There’s been a rare, flying squirrel sighting near Brantford today. A homeowner saw something fly out of a hole in the side of his house. He was stunned when he realized what it was.
Look, it’s a bird, it’s a plane. No, it’s super squirrel. Actually, it’s a flying squirrel, exiting it’s cozy nest inside Jack Smith’s wall: “I figured it had to be a bird of some kind. I mean the hole is 20 feet off the ground. You don’t expect a squirrel.”
Smith says a woodpecker caused this small hole in the wood siding and five flying squirrels made themselves at home. He realized something was in the wall when he heard a chirping sound: “When I saw it come out and fly down to the tree, I was kinda’ shocked.”
Shocked because flying squirrel sightings are rare.
Jared Houliston is the owner of All-Wildlife Removal: “In the wildlife industry, we rarely get flying squirrel calls. The population isn’t that of an eastern grey squirrel or a black squirrel that we generally see. They’re nocturnal mostly, so when you’re in bed sleeping that’s when they do most of their activities.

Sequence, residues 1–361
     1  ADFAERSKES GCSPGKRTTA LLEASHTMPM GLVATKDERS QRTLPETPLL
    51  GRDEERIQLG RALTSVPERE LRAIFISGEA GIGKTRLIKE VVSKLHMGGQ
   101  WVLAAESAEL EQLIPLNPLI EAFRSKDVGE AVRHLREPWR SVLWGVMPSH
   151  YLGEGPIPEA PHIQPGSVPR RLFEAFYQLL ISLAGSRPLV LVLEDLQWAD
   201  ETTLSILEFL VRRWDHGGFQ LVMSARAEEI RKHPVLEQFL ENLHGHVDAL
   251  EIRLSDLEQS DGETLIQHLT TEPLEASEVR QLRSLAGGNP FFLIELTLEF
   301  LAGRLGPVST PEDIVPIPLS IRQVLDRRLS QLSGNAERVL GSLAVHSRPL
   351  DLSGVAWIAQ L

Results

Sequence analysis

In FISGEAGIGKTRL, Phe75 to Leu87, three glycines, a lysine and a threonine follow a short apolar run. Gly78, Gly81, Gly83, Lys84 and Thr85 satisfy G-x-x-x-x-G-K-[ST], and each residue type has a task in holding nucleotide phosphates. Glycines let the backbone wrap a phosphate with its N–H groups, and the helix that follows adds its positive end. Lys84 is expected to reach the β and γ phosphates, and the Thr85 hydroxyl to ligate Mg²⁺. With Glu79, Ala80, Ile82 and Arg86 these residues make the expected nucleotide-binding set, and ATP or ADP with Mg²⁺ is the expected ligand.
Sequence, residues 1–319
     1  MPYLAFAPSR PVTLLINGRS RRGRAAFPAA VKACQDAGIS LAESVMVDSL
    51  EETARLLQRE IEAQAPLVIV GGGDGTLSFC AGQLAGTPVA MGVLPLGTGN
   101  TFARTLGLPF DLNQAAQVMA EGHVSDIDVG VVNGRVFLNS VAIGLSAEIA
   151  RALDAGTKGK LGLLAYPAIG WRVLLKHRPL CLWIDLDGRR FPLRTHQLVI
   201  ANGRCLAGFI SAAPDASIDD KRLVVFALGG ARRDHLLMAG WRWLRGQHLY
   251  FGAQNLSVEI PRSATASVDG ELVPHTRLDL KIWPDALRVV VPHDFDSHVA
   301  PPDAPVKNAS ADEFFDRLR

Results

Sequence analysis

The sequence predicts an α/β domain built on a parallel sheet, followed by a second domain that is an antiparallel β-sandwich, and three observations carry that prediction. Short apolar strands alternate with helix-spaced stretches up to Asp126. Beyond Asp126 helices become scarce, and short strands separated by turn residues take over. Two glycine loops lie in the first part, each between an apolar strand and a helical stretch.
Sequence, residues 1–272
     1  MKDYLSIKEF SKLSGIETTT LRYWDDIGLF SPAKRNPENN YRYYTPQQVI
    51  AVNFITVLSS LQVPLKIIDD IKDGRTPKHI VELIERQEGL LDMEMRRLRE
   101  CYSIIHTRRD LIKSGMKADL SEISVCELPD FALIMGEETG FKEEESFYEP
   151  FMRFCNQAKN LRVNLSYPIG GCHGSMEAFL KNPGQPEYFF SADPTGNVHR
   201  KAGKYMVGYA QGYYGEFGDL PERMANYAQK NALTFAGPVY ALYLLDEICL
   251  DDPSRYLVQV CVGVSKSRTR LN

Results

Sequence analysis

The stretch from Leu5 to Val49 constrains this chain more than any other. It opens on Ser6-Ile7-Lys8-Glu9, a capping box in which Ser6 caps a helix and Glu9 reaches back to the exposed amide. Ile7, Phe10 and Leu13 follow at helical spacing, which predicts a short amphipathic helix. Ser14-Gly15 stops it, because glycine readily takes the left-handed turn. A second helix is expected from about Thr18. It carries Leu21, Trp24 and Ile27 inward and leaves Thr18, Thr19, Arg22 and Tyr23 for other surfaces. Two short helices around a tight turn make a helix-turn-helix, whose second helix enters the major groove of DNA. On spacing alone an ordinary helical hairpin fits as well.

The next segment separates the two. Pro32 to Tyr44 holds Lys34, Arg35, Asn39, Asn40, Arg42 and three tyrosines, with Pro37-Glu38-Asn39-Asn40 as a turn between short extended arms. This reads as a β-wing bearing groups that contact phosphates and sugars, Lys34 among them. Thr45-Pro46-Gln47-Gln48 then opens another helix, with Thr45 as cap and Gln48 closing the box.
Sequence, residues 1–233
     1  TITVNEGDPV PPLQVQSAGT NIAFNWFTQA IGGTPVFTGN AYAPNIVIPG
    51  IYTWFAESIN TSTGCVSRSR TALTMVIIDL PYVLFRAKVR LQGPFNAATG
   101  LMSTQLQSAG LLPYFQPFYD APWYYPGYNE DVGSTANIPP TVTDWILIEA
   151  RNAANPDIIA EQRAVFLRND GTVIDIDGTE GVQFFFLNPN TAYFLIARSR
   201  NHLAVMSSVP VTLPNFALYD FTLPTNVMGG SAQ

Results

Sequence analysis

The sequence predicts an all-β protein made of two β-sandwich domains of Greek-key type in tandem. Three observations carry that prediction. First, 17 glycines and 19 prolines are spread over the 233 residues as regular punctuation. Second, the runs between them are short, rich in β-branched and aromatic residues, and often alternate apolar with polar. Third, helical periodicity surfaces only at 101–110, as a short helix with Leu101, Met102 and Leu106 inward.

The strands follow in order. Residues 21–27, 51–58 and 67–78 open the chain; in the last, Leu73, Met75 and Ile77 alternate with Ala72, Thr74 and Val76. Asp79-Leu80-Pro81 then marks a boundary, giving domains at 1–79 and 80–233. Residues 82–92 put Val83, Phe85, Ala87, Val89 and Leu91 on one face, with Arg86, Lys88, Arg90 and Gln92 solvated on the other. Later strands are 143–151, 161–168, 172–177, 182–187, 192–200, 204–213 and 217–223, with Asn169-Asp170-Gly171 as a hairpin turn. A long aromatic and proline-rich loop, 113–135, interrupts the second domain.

Even more rare is to get this close to one. “See if we can’t get his wings out a bit.”
Flying squirrels don’t actually fly, they use the wings to glide up to 30 meters. The species has been on earth for about 30 million years and lives an average of a decade.
And while they flying squirrel looks cute and cuddly with its big button eyes, round ears and soft fur, they can cause a lot of damage to your home if they get inside.”
Houliston: “They are wildlife so urinating, defecating into the home also chewing of wires and drywall and eventually can make entry into the home. That’s why we are looking at getting rid of it as soon as possible.”
He called All-Wildlife Removal and within about an hour the flying squirrels had flown the coop.